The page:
Now, it is not very often I read a book in less than three days, but I swear - that book is genius. It's funny, it's smart, it's got amazing characters and the very concept is brimming with awesomeness. I suggest you go out and buy it. Now.
Ok, now that that's over and done with, here's the actual blog post. And, roll the tape...
Plot. We all know what it is, but I'll put the definition here anyway - :the plan, scheme, or main story of a literary or dramatic work, such as a play, novel, or short story.
A plot is essential to all stories, novels, plays, and anything else that could be classified, in one way or another as a story. The plot is a backbone, the spine of the story. Without the spine, the arms and legs don't work and the story goes nowhere. It just flops on the ground, dead. So, to make a story work, you need a plot. I won't insult your intelligence any more on this point - I'm pretty sure most of you know that already.
In an Englsih teachers mind, a plot should look like an arc, with a beginning, middle and end. If you want to elaborate it should have a beginning (introducing characters, themes, etc), and middle (raising of tension), a climax, and then a resolution. So, a story in graph form should look like this:
So an example (I like examples) - Cinderella.
Exposition = Boring life, treated badly by sisters.
Rising action = Meets random fairy person, gets transformed into a super model, goes to ball, meets Prince, loses slipper, goes back to awful life.
Climax = Prince finds her and makes her try on slipper.
Falling action = It fits and the Prince proposes. (+one chorus of 'Awwwwwwww')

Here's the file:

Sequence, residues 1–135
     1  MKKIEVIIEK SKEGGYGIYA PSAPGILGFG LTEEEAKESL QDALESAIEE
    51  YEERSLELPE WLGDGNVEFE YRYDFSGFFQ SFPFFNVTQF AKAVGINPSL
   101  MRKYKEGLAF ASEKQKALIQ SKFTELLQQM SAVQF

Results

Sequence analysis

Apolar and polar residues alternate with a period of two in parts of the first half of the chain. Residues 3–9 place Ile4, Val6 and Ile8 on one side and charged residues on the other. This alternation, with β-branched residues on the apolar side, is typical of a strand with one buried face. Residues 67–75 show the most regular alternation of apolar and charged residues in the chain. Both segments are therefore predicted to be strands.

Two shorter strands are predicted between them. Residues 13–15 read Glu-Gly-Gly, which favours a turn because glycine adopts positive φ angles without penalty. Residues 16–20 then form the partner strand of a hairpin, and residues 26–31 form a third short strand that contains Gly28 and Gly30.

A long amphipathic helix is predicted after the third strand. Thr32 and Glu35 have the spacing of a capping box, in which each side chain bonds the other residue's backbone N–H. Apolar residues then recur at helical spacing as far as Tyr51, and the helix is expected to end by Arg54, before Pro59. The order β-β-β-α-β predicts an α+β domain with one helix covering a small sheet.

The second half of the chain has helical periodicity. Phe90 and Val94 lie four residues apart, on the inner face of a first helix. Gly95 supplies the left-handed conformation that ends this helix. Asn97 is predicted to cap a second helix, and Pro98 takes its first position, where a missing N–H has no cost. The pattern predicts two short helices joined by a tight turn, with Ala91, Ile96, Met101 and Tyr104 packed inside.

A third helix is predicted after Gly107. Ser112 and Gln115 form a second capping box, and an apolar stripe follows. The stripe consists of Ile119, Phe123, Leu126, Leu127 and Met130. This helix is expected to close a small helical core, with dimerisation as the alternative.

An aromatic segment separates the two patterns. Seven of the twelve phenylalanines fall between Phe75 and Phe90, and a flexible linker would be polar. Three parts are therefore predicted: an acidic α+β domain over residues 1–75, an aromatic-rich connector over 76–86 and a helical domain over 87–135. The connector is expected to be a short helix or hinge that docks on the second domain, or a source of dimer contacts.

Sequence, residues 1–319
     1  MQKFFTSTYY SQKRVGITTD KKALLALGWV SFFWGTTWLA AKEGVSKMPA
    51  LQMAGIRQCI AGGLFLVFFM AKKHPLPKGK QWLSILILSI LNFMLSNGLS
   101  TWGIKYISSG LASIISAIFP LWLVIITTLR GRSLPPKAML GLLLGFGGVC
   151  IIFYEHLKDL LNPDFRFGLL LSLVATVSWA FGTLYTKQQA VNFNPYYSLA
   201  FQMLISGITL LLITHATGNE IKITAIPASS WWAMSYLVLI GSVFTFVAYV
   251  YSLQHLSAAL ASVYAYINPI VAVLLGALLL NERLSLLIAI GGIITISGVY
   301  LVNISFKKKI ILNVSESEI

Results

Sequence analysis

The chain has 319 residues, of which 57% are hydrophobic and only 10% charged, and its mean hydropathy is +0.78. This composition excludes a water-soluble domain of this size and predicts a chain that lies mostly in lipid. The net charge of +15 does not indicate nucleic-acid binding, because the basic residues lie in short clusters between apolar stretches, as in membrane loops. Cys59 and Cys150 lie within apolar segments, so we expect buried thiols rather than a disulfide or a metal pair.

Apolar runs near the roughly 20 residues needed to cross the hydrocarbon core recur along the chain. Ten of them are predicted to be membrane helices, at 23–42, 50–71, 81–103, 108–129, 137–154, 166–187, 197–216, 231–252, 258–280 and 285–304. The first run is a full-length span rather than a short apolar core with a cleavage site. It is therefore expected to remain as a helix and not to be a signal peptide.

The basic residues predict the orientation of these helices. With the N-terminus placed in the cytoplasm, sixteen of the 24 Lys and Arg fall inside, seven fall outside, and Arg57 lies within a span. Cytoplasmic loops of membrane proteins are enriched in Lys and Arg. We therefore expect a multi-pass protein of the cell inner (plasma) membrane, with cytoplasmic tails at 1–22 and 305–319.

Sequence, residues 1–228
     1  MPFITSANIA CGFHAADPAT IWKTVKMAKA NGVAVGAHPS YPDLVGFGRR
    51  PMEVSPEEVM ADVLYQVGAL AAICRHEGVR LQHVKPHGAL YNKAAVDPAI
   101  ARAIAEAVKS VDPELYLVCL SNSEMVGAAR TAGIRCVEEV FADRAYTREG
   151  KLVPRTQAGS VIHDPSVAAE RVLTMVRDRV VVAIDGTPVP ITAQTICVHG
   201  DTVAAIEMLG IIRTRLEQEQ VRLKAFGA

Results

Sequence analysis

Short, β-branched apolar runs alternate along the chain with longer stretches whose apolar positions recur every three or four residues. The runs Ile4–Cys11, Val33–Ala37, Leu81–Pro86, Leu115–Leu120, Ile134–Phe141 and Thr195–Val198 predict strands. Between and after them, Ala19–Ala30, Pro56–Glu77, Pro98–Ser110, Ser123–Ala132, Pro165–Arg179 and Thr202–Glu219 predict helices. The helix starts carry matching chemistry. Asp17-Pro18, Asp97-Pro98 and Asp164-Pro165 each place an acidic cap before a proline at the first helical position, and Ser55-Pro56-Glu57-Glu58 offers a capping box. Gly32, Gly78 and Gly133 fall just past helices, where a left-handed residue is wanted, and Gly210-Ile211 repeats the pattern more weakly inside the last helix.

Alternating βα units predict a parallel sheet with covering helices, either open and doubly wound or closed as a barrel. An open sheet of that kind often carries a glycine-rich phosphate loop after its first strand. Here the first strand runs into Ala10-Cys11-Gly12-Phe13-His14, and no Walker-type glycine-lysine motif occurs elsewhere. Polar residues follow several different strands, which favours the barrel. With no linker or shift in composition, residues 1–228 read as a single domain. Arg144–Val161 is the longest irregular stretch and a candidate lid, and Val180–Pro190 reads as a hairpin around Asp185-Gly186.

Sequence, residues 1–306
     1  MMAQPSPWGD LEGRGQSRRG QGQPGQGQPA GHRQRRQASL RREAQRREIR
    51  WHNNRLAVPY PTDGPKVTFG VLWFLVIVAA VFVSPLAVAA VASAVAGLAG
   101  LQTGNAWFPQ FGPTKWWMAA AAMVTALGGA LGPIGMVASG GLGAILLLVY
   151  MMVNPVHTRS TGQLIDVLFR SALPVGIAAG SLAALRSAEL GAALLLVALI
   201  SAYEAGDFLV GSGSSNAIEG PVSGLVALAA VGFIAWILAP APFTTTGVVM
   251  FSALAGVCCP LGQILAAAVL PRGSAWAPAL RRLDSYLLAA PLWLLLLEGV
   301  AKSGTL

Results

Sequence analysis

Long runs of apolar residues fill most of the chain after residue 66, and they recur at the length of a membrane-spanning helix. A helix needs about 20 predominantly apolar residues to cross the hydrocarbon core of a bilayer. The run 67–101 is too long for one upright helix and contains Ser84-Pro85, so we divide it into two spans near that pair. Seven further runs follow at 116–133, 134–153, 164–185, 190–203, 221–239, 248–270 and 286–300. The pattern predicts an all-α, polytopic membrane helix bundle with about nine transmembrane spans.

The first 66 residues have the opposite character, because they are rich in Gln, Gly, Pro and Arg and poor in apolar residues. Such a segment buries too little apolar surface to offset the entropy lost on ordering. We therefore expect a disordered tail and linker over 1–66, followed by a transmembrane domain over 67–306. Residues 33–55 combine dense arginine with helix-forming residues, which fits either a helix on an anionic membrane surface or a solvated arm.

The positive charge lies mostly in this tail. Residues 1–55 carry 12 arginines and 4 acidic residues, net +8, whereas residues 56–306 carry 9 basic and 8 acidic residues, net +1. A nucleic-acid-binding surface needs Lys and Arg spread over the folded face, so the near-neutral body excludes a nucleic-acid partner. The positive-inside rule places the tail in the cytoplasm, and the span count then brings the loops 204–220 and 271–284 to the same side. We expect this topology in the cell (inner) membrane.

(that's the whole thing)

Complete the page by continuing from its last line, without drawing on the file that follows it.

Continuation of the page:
Resolution = They get married and leave the ugly sisters to stew.
Tada, easy peasy, right?
I said at the start that this is an English teachers plot diagram. This is the extremely simple, 5 year old plot diagram. If you want to be a writer, make things more complicated. The plot may be a spine, but its very flexible. Use that! Change it up a bit. Leave out the tension building, go straight to the climax! Ignore the resolution - use a cliffhanger!
In my story The Sad, Sad, Case of Jeremy Moore, there was a plot - but no real climax. However, Over and Out followed the plot graph to a tee. So, just make it up. Plots don't have to be straightforward. You have secondary plots, little plots inside big plots, cliffhangers, double climaxes...
So while English teacher's think a story should look like a triangle, it actually ends up looking like this:
|A plot graph for a film, which is another form of story.|
So, that's plots. I could into so much more detail about this, but I won't. All you need to know is that plots are spines, and that so long as you have one that can be laid out on a graph (who cares if it's messy), it's fine, and your story won't die. If it doesn't...well, you'd better call in the surgeons.